John 15 : 5-6

I became so distracted by the world, I completely forgot I was Christian. I was beginning to lose myself, to forget in Whom my whole being is anchored on. To quote Katy Perry (Ha, ha), I stood for nothing, so I fell for everything.

There I was, a baby sapling Christian, in a dorm all on my own, the first time out of my family’s influence – of course, I’d wanted to have what I had back home. In high school, I was the secretary of the SSG, so I ran for House Council secretary in the dormitory. Back home, I had a lot of amazing friends – who supported me, bolstered me, and who I would do the same for.

I thought I found some great friends in the House Council. I thought they were amazing – there was our passionate adviser… there was our loud and outgoing president… there were all these people, who I thought were so talented and brilliant and amazing… but they were also very effective distractions in my faith.

And I don’t know how to say this lightly, because the House Council during my time accomplished so much – but in the end, they were also one of the reasons why I started getting depressed.

Because non-Christian friendships are about what you can take from the other person, not what you can give. As I continued to please my new friendships, all the while neglecting my spiritual nourishing, I continued to get lost.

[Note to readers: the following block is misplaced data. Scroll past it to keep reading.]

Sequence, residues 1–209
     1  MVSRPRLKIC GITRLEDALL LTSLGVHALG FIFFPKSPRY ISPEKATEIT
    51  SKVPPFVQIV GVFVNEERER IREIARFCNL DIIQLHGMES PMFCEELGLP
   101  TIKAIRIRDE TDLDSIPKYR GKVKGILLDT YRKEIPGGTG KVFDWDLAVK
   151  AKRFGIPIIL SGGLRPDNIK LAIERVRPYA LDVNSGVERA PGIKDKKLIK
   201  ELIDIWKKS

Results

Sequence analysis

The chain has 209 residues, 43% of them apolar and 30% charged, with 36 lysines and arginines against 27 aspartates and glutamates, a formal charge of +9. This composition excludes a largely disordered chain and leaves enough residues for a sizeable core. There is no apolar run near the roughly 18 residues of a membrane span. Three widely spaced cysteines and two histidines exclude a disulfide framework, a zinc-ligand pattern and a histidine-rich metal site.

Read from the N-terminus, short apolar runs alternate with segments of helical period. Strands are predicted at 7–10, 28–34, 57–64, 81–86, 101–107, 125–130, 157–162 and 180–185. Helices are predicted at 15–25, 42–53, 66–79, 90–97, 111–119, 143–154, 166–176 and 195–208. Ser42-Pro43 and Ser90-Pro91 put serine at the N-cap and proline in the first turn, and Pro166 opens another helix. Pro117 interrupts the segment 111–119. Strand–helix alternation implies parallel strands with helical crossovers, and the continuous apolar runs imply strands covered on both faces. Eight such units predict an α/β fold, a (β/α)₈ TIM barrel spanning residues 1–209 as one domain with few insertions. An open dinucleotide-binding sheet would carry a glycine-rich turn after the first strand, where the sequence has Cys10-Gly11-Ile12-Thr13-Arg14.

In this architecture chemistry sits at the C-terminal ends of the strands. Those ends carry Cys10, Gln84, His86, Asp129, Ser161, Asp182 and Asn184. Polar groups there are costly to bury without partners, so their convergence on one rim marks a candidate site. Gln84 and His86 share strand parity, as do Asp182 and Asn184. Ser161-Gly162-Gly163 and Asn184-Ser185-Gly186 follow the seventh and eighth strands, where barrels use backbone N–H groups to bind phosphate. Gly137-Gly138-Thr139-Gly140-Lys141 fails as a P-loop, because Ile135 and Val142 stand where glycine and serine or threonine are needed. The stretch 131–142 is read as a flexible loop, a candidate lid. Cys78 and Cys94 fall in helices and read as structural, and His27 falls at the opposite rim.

I started to conform to them – these new friends I made. More and more, I grew further and further away from the Truth. And deep down, I wasn’t like that. Written in my soul, in the blueprints of who God wanted and planned for me to be – I knew I wasn’t who I was starting to paint myself as.

I wanted, so very badly for some reason, to impress them. To please them. But they were wrong for me. It was not their approval or their commendation I needed, what I needed was God. But I had no idea – I was so cut off from church, so spiritually weak, that I couldn’t see this was the case. I continued to find fulfillment and meaning in my new found friends, which would never, ever, ever be enough.

So, when I started to feel like life had no purpose or meaning around September (not even 4 months into my first semester), I had no idea why. My life started falling apart. I could not even muster enough energy to get up from the bed.

I found the world lacking. I found no purpose here.

I continued to fall deeper into depression. It came to a point where I thought about killing myself every single day. Everyone around me started to notice, and it was a crisis – because I had made it my purpose to please the people around me, and when they were not pleased with me, I wanted, desperately, to make sure that they still were.

I started lying. To everyone.